The Disposable Work Force
Worker Displacement and Employment Instabbility in America
The twenty-first century has witnessed a transformation of the organization, opportunities, and terms of work. Downsizing, restructuring, and outsourcing are the forces altering employment relationships throughout the work force. Those who tend to see the future in a positive light view the evolving role between employer and employee as empowering for the individual.
This book examines the consequences of economic instability due to job loss and the displacement of millions of workers. It draws upon case studies of worker displacement as well as national labor force surveys. Thomas S. Moore finds that consequences of economic instability are productivity slowdown, increased disparities in earnings and income, and higher average unemployment. He assesses the extent of job loss nationwide, its costs to the individuals directly affected, and the way in which the incidence of displacement and earnings loss has shifted over time. Although drawn from an earlier period, the data have an obvious relevance to today’s labor markets.
Moore argues for an employment and training system that gives employers an incentive to invest in the skills of their employees. Federally funded training programs have not improved the earning ability of displaced and disadvantaged workers, and state-sponsored programs tend to exclude those most in need of assistance. Moore suggests direct employer investment in the general skills of employees. Initially published in a different economic downturn, this continues to be a must read book for all economists, sociologists, and policymakers.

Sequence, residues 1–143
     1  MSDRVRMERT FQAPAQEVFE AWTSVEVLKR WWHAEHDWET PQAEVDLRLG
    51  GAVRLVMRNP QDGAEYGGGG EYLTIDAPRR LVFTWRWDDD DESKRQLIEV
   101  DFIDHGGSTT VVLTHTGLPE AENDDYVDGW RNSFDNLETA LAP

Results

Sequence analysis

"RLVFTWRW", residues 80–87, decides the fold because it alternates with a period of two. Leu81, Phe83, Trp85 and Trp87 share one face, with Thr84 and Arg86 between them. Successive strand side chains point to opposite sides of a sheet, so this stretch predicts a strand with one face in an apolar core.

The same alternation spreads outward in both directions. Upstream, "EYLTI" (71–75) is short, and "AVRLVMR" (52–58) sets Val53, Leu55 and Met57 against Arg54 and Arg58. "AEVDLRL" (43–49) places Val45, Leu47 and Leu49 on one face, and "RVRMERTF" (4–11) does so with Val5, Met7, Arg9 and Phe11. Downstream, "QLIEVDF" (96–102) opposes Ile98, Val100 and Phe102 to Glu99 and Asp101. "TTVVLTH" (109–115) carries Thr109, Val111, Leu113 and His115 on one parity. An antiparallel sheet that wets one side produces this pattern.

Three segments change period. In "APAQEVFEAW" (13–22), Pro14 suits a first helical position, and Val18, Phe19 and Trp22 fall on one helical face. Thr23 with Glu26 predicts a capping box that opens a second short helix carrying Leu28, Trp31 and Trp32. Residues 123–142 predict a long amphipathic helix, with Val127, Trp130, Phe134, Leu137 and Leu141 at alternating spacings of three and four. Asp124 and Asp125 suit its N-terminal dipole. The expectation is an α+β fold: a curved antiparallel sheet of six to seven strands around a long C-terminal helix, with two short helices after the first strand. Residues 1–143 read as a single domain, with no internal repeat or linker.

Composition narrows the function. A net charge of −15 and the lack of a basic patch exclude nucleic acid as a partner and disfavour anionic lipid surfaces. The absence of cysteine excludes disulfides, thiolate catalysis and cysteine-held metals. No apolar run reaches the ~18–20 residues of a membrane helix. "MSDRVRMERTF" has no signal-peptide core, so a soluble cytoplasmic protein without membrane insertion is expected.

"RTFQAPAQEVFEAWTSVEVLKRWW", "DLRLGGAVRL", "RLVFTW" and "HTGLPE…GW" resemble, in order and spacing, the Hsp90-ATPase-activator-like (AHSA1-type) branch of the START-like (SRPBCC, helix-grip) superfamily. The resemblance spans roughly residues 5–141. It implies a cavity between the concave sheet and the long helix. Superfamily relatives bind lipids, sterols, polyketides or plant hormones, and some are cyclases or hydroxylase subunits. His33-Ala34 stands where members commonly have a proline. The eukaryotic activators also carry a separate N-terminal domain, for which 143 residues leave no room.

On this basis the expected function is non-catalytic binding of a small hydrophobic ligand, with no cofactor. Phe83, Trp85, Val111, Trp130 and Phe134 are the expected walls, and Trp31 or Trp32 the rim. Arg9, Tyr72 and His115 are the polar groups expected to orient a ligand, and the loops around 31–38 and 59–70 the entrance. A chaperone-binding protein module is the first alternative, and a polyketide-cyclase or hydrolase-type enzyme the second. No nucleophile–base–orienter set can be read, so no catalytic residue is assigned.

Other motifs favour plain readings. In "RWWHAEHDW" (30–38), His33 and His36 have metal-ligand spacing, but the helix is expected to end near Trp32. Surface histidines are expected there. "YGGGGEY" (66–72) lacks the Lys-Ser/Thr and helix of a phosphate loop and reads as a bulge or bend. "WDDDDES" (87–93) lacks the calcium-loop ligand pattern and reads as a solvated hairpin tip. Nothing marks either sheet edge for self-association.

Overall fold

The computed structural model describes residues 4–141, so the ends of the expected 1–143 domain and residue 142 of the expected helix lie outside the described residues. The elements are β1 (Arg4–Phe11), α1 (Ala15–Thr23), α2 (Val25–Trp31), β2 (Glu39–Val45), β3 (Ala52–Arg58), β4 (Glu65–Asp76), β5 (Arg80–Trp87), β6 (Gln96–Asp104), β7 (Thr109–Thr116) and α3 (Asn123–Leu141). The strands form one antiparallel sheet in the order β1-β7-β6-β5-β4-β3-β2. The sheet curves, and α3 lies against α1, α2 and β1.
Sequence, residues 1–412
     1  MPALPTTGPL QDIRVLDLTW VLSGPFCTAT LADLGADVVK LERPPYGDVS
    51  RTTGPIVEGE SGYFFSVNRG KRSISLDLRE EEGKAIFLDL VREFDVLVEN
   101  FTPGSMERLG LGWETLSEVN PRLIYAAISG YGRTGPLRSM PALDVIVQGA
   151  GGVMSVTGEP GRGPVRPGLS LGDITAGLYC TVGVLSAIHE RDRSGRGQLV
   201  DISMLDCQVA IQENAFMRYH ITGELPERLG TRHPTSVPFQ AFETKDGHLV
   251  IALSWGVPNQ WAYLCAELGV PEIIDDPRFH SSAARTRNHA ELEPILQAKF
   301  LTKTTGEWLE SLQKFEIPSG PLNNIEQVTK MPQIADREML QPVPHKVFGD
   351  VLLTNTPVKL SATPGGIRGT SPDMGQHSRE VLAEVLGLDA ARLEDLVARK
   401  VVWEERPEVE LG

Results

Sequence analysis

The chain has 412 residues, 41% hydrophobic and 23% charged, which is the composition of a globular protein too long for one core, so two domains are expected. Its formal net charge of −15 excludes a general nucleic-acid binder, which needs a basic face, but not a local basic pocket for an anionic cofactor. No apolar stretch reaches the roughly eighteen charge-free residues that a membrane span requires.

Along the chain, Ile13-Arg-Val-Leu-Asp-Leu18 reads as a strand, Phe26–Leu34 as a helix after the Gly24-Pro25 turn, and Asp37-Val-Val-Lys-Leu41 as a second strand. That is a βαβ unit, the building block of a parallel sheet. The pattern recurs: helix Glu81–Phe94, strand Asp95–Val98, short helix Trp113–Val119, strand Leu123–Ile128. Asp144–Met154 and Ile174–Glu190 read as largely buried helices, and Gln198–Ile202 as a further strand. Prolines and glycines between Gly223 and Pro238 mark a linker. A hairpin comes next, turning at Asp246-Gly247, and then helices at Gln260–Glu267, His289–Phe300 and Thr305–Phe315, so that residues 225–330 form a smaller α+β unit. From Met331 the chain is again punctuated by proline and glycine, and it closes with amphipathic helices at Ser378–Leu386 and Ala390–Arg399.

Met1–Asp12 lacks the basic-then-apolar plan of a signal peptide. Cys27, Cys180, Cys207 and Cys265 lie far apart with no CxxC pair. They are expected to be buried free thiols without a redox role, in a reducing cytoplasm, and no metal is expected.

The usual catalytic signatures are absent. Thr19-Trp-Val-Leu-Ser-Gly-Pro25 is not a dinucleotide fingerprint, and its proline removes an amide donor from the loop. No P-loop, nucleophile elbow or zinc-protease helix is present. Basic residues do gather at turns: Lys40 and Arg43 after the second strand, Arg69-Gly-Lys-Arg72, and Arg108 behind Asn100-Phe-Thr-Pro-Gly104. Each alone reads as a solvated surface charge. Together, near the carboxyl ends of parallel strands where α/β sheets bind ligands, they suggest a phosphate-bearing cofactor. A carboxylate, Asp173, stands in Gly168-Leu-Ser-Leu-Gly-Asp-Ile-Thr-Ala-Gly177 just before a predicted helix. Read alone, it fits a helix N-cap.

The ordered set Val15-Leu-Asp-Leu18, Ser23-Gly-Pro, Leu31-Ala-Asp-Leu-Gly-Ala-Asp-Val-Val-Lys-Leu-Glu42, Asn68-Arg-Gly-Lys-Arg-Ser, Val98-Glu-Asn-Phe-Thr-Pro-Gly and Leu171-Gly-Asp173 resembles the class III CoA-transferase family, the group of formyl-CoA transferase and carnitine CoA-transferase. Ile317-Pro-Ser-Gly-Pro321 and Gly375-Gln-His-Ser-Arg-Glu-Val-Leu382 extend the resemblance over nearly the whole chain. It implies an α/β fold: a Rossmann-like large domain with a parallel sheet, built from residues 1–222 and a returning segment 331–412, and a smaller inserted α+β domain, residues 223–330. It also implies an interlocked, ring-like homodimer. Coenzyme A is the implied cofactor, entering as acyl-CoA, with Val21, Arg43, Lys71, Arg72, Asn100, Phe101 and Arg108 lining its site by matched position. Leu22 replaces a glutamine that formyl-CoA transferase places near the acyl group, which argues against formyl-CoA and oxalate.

“Moore (sociology, Univ. of Wisconsin, Milwaukee) examines the economic consequences and causes of displacement in the book’s first two sections, and alternative programs to reduce the need for displacement or ease its effects in the third… [T]his volume summarizes much material, is a good read, and provides a strong bibliography. All Collections.”
—H. Kasper, Choice
“[A] commanding analysis of the growing but often neglected phenomenon of worker displacement. Compassionate but reasoned, Moore's study offers both macro-level and plant-level analyses, and weaves together sociology, economics, policy analysis, and history."
—Ross Koppel, Ph.D., President, Social Research Corporation